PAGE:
Monday, August 20, 2012

why I'm neither brave nor gracious

I've been called a lot of words I don't deserve in the past week: beautiful and obedient and gracious and grace-filled and sweet and honorable and passionate and amazing and courageous and inspiring. (In case you missed it on Friday, here's the post that prompted those kind words.)

You want to know the word that best described me the night before I posted our adoption news?

Terrified.

The week before, I sat trembling in my Bible study group because I knew God was moving in us to do something about this orphan named Jesse who would be renamed Zoe Amanda. I just didn't know how to tell anyone. I didn't know how to explain myself.

I thought we would be called crazy. (And a little part of me thought that we'd deserve that.)

I thought our friends wouldn't stand by us. (How I misjudged you!)

I thought our choice would be considered reckless, when we already had two young children and when I was still recovering from knee surgery and when I seem to collect chronic health problems. (No one brought up any of that.)

Friends knew we planned to adopt someday, but we had no homestudy started yet, we weren't on any waitlist, and we hadn't narrowed down a country or special need or age or anything else yet. We were caught by surprise, so we knew other people would be too.

I'm smiling in this picture, but I was so scared of how y'all would respond to the news.

the picture we shared to announce the news!
A little blond girl who is wise beyond her years was the one who gave me the words, days after our announcement.

We sat with my brother-in-law's family, and they asked why we were doing this. I tried to answer, and I stumbled over my words: "Well, this wasn't the country we expected, or the special needs we expected, or the age of child we expected, or the timing we expected, but..." I couldn't find the words to finish that sentence.

Jocelyn, who now dotes on her sister with more love than I thought she was capable of, jumped in. "But God said to do it, so we're doing it."

oh, how I love her!
You see, the reason I don't deserve any of the words at the beginning of this post is that I know myself. I know that I am as damaged and weird and hopeless as any of the orphans Pat Robertson dismissed last week. I, too, am broken by life in a fallen world, fractured by my own sin and by the sins of others along the way. I know my sin too well to boast of any of the words used to describe me since my post went live in the wee hours of Friday morning.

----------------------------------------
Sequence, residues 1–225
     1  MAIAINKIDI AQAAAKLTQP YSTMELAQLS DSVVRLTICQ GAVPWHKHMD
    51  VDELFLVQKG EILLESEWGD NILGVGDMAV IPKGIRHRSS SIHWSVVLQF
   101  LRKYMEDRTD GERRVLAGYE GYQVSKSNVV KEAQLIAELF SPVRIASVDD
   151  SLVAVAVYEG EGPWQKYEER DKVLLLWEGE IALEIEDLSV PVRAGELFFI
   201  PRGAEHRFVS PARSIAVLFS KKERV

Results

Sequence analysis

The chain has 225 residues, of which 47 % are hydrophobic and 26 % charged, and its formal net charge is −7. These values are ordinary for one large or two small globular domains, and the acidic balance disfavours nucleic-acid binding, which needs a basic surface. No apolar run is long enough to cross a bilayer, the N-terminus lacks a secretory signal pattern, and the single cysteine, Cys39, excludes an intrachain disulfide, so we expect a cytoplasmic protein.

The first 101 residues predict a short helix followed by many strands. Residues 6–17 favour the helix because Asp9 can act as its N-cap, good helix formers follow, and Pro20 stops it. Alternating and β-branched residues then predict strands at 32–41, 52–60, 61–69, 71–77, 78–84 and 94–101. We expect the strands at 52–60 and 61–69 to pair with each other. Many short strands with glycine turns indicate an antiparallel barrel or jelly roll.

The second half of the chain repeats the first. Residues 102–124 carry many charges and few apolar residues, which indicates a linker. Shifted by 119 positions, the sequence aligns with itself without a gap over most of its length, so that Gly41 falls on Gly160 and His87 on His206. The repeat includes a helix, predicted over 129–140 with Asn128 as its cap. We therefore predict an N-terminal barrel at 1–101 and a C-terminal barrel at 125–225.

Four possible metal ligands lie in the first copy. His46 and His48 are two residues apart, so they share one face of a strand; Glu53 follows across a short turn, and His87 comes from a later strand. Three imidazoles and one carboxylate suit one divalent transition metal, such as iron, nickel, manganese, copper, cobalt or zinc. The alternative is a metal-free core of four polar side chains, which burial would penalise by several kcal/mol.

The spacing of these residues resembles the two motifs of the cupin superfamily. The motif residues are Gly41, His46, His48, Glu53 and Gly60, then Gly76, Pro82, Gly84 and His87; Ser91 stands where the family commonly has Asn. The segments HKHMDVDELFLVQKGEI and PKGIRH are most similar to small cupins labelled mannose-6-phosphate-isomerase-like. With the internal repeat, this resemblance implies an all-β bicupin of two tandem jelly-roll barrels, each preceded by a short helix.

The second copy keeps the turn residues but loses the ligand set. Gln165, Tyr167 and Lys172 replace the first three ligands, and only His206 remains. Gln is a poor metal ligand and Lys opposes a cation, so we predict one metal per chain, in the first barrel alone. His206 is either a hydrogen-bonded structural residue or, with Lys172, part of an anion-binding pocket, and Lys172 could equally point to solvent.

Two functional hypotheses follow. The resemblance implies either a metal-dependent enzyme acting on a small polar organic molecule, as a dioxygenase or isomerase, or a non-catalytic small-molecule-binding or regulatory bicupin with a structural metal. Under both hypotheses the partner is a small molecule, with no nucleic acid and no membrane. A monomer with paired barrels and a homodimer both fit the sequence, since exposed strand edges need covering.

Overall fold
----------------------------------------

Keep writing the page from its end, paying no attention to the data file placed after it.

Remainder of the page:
I can boast of the Savior who rescued and redeemed me, turning my broken places into cracks through which His light can shine. He does make all things beautiful in His time, in the words of Ecclesiastes 3:11, and I'm both humbled and thankful that He has allowed us to be part of His plan for bringing beauty out of the brokenness that began Zoe's life.

in our hotel room in Taitung, on the day she was discharged from the hospital in our arms.
(that was six weeks ago, and she's three pounds heavier now than she was then.)
Oh, how I love being her mom!

P.S. - Zoe has an EEG this morning at 8am Eastern time to check out some possible seizure activity. She hasn't had any as far as we know, but her kind of brain damage increases the likelihood that seizures could occur, thus the test. Please pray for clear and conclusive results!

3 comments:

  1. Oh Shannon, you're so much more than all those little words. the miracles you have shared with all of us, God's humble followers, have enlightened me more than you know. Thank you so much for all your posts.

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  2. Shannon, not to diminish all the wonderful descriptions of you which are true but your description of your brokenness as a daughter of Eve is so spot on - not just for you - but for me too! I'm gonna clutch to my heart your description of how our Great Savior turns these broken places into cracks through which His light can shine to push back so much incredible darkness! What a great thought for this day! Thanks!

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  3. Because I can relate to this on so many levels...would you also be willing to share this post with us on We Are Grafted In? I think it's so important for those considering adoption to realize that God uses normal, broken people...like me. :)
    Just let me know!
    Stephanie
    co-administrator of WAGI
    smurphy28 @ juno. com

    ReplyDelete

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